Bristol County (LST-1198) was named after counties in Massachusetts and Rhode Island. She was laid down on 13 February 1971 at San Diego, Calif., by the National Steel & Shipbuilding Corp.; launched on 4 December 1971; sponsored by Mrs. Robert Lee Townsend; and commissioned on 5 August 1972, Comdr. Donald L. Waggoner in command. Following commissioning, Bristol County was assigned to the Amphibious Force, Pacific Fleet, with the home port of Long Beach. In the years that followed, the tank landing ship alternated amphibious training operations off the west coast of the United States with periodic, sustained deployments to the western Pacific. She maintained this cycle into 1980. In 1994 she was disposed of through the Security Assistance Program (SAP), transferred, cash sale, ex-US fleet hull foreign military sale case number assigned.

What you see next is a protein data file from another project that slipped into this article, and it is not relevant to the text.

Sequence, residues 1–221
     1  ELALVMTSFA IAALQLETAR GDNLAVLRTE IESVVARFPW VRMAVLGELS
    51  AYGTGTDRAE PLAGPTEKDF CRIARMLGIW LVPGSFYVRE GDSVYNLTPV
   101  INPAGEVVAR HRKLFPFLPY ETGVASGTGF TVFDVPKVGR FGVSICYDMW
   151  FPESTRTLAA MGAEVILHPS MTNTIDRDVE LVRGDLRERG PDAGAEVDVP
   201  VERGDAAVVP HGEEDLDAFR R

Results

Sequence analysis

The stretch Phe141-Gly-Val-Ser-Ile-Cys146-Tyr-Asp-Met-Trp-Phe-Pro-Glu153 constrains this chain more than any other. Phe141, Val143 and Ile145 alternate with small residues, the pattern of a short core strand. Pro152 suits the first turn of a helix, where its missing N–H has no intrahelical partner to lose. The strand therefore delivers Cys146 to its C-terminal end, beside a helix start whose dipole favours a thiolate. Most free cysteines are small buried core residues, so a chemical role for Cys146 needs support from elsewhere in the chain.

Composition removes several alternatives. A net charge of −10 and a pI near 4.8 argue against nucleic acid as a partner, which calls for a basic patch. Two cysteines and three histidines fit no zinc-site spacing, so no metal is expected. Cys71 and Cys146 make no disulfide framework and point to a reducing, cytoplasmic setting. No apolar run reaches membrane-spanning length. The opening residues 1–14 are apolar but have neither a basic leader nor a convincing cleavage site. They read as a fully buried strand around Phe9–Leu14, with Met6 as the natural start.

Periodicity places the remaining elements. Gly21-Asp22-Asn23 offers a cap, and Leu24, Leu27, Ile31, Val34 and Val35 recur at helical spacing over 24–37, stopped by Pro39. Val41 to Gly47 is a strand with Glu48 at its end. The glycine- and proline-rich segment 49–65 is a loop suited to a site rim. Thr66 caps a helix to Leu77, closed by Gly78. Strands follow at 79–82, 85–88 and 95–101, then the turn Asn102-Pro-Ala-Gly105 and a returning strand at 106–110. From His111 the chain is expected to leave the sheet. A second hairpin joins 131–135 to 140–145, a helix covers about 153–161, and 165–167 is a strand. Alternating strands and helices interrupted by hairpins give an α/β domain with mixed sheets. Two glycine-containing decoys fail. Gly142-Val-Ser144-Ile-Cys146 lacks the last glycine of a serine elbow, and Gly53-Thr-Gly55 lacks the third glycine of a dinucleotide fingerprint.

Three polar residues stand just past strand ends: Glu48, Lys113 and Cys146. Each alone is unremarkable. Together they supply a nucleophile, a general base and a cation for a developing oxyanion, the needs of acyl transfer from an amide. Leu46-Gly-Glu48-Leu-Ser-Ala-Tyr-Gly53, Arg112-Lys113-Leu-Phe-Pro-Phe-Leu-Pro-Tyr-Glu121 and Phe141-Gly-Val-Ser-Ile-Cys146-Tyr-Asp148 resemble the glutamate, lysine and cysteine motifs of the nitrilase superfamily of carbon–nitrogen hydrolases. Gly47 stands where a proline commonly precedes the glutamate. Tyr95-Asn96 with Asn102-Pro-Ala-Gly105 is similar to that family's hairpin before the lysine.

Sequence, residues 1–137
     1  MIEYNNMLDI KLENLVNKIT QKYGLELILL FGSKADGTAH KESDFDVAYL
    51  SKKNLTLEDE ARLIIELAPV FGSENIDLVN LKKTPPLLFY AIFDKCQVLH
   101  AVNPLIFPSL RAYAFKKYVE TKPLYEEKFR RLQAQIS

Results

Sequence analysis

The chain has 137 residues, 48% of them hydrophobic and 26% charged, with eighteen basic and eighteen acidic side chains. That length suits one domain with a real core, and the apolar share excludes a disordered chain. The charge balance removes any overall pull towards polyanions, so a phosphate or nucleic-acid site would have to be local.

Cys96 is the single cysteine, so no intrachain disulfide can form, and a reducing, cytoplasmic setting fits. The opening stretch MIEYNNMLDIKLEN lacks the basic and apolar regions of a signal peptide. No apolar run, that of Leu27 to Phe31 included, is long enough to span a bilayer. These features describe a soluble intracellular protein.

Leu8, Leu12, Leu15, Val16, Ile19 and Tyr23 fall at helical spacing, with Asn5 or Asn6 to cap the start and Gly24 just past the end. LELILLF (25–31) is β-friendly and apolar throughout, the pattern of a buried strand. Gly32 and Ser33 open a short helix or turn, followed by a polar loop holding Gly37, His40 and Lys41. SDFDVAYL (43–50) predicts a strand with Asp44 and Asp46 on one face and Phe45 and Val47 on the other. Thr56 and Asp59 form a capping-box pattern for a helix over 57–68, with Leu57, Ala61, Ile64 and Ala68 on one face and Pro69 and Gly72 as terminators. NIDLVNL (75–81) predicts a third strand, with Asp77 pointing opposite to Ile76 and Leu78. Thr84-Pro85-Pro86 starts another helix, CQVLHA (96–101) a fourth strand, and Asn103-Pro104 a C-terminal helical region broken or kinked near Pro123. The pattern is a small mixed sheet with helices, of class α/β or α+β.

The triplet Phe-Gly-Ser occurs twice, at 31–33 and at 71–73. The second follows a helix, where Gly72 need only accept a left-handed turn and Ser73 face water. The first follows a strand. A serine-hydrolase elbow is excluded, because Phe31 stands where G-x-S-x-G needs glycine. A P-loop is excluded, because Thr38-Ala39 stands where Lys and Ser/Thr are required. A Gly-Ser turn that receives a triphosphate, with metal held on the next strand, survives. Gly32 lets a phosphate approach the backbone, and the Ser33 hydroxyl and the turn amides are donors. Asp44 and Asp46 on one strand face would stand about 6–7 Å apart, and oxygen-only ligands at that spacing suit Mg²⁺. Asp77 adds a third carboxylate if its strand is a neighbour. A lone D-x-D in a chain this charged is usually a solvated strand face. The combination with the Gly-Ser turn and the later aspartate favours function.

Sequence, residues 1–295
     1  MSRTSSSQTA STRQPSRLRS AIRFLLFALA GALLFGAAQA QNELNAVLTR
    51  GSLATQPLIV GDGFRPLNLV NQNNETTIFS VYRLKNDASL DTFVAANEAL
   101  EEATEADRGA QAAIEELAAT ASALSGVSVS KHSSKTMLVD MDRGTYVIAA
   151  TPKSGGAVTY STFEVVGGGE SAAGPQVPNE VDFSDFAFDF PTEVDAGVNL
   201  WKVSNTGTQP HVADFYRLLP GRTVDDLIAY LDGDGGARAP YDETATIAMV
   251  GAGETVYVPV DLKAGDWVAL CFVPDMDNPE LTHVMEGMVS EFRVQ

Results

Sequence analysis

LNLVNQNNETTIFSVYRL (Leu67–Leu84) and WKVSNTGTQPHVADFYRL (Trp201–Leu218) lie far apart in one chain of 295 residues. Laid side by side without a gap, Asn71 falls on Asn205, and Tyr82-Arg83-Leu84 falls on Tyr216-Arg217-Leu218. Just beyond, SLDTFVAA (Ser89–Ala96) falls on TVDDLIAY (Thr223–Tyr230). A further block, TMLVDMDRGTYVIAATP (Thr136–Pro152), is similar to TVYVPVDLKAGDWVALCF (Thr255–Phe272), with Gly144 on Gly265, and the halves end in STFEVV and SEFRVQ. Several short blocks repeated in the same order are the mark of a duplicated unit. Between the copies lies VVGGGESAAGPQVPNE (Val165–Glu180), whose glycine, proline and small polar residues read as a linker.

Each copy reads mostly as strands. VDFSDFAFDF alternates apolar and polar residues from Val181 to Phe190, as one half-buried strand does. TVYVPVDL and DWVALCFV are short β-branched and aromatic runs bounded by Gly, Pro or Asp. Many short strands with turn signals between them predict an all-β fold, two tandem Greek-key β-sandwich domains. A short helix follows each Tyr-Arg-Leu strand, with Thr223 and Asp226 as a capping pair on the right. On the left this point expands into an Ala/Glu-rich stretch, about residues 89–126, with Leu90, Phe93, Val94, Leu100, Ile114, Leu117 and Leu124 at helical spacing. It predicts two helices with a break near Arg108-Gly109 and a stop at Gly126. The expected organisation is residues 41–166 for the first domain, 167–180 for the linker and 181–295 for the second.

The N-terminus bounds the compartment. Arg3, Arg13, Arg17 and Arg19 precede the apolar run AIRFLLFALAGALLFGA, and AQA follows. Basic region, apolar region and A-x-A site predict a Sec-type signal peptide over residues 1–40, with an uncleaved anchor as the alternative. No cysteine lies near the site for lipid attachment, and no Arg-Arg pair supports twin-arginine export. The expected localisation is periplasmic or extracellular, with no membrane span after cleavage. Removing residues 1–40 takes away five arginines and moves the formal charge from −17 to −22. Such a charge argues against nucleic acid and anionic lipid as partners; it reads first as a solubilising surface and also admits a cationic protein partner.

To the period of anarchy (al-Fitna al-Kubra) that followed Mawlay Isma'ils death, supervened a rehabilitation epoch under Sultan Sidi Mohammed ben Abdallah (1757-1790) who succeeded his father's ill-starred rule. Sidi Mohammed vigorously advocated the strengthening of the faltering 'Alawite dynasty. After seizing power, he sought to recast the whole state apparatus into an effective instrument capable of realizing his dream: The creation of an effective army but not a pretorian guard; the setting up of an efficient administration capable of sustaining itself through various means, such as extra Quranic taxes, and foreign trade, rather than on mere tax collection; and finally to reintegrate Morocco into a more militant Islamic Sultanate, closely attuned in creed and cult with the Ahl al-Hadith movement in Egypt and the Haramayn.